# AAPG Bulletin

Abstract

AAPG Bulletin, V. 86, No. 5 (May 2002), P. 745-778.

## Material-balance assessment of the New Albany-Chesterian petroleum system of the Illinois basin

### M. D. Lewan,1 M. E. Henry,2 D. K. Higley,3 J. K. Pitman4

1U.S. Geological Survey, P.O. Box 25046, Denver Federal Center, Denver, Colorado, 80225; email: mlewan@usgs.gov
2U.S. Geological Survey, P.O. Box 25046, Denver Federal Center, Denver, Colorado, 80225; email: henry@usgs.gov
3U.S. Geological Survey, P.O. Box 25046, Denver Federal Center, Denver, Colorado, 80225; email: higley@usgs.gov
4U.S. Geological Survey, P.O. Box 25046, Denver Federal Center, Denver, Colorado, 80225; email: jpitman@usgs.gov

## AUTHORS

Michael D. Lewan is a petroleum geochemist and geologist for the U.S. Geological Survey. His research is focused on generation and expulsion processes responsible for oil and gas accumulations. He previously worked for Amoco Production Company at their Tulsa Research Center (1978-1991) and for Shell Oil Company at their New Orleans Exploration and Production Office (1972-1975). He received a Ph.D. from the University of Cincinnati (1980), an M.S. degree from Michigan Technological University (1972), and a B.S. degree from Northern Illinois University (1971).

Mitchell E. Henry is a geologist for the U.S. Geological Survey. His research interests are in the area of application of remote sensing to petroleum prospecting. Recent assignments have been focused on resource evaluation in the United States and Canada. He earned a B.S. degree in biology at Midwestern University, Wichita Falls, Texas (1969) and an M.S. degree (1974) and Ph.D. (1982) in oceanography from Texas A&M University.

Debra K. Higley is a petroleum geologist for the U.S. Geological Survey. Her research interests include reservoir characterization, thermal maturation, and petroleum resource assessment. Her background includes uranium exploration (1976-1981) and petroleum geology and geochemistry with the U.S. Geological Survey (1982-present). Her Ph.D. in geology (1994) and M.S. degree in geochemistry (1982) are from the Colorado School of Mines, and her B.S. degree in geology (1977) is from Mesa State College, Grand Junction, Colorado.

Janet Pitman is a research geologist in the Geologic Division of the U.S. Geological Survey. As a member of the Central Energy Team, she has applied sandstone diagenesis and reservoir quality analysis in domestic and world energy studies. Her present research interests include petroleum system modeling and basin history reconstruction. She is a member of AAPG and SEPM.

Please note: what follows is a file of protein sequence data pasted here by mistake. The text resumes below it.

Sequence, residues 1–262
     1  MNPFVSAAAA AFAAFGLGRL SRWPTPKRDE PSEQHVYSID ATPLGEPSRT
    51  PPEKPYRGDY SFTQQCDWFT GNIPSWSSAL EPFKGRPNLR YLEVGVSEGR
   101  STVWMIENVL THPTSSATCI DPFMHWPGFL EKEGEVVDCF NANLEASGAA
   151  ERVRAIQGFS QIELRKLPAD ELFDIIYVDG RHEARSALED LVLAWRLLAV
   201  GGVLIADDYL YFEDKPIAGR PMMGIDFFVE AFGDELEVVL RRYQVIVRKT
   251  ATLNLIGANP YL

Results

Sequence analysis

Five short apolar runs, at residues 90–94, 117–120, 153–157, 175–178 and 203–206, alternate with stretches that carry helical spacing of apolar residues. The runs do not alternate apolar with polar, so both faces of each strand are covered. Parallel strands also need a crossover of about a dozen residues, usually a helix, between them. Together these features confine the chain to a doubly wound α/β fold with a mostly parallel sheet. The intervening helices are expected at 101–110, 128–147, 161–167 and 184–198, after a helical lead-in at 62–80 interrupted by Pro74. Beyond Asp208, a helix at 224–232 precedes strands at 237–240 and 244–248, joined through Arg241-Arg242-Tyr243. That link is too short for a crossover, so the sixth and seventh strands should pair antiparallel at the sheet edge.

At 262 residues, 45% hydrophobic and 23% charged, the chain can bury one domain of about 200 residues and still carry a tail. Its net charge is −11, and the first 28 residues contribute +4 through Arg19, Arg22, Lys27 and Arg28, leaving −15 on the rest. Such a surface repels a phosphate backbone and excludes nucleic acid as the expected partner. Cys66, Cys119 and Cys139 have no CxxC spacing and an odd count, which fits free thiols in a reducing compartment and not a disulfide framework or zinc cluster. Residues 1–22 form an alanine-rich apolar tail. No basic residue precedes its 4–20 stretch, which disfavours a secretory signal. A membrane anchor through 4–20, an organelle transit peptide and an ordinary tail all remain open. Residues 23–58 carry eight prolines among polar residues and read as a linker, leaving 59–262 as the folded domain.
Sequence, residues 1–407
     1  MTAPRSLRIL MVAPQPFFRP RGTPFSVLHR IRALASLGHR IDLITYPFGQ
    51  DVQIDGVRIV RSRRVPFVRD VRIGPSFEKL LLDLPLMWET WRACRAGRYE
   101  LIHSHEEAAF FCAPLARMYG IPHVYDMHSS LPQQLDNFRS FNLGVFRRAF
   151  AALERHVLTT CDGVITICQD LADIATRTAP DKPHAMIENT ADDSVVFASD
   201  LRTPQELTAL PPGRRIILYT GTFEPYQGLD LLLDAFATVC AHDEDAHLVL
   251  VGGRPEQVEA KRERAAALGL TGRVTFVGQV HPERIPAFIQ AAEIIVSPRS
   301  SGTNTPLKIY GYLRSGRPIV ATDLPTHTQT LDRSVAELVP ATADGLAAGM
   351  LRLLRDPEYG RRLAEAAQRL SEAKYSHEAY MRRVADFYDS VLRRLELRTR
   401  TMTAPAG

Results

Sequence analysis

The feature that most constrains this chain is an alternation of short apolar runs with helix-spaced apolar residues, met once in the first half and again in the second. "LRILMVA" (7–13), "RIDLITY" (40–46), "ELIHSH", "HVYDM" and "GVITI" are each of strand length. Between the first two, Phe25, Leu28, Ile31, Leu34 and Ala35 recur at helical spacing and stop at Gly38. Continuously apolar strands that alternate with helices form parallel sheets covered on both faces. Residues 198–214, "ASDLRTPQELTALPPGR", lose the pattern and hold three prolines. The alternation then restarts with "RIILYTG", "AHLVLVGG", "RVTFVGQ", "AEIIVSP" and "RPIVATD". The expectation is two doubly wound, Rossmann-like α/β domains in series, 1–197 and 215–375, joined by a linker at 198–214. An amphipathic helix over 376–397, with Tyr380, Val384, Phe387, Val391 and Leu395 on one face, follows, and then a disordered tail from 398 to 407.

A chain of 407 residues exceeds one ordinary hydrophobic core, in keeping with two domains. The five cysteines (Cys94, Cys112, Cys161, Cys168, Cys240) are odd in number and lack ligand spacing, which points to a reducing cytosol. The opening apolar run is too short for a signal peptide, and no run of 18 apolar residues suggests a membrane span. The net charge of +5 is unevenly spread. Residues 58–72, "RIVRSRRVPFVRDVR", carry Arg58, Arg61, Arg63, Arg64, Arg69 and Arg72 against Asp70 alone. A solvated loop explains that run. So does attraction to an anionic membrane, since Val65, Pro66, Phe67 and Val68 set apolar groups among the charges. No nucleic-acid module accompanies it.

## ABSTRACT

The New Albany-Chesterian petroleum system of the Illinois basin is a well-constrained system from which petroleum charges and losses were quantified through a material-balance assessment. This petroleum system has nearly 90,000 wells penetrating the Chesterian section, a single New Albany Shale source rock accounting for more than 99% of the produced oil, well-established stratigraphic and structural frameworks, and accessible source rock samples at various maturity levels. A hydrogen index (HI) map based on Rock-Eval analyses of source rock samples of New Albany Shale defines the pod of active source rock and extent of oil generation. Based on a buoyancy-drive model, the system was divided into seven secondary-migration catchments. Each catchment contains a part of the active pod of source rock from which it derives a petroleum charge, and this charge is confined to carrier beds and reservoirs within these catchments as accountable petroleum, petroleum losses, or undiscovered petroleum. A well-constrained catchment with no apparent erosional or leakage losses is used to determine an actual petroleum charge from accountable petroleum and residual migration losses. This actual petroleum charge is used to calibrate the other catchments in which erosional petroleum losses have occurred. Petroleum charges determined by laboratory pyrolysis are exaggerated relative to the actual petroleum charge. Rock-Eval charges are exaggerated by a factor of 4-14, and hydrous-pyrolysis charges are exaggerated by a factor of 1.7. The actual petroleum charge provides a more meaningful material balance and more realistic estimates of petroleum losses and remaining undiscovered petroleum. The total petroleum charge determined for the New Albany-Chesterian system is 78 billion bbl, of which 11.4 billion bbl occur as accountable in place petroleum, 9 billion bbl occur as residual migration losses, and 57.6 billion bbl occur as erosional losses. Of the erosional losses, 40 billion bbl were lost from two catchments that have highly faulted and extensively eroded sections. Anomalies in the relationship between erosional losses and degree of erosion suggest there is potential for undiscovered petroleum in one of the catchments. These results demonstrate that a material-balance assessment of migration catchments provides a useful means to evaluate and rank areas within a petroleum system. The article provides methodologies for obtaining more realistic petroleum charges and losses that can be applied to less data-rich petroleum systems.

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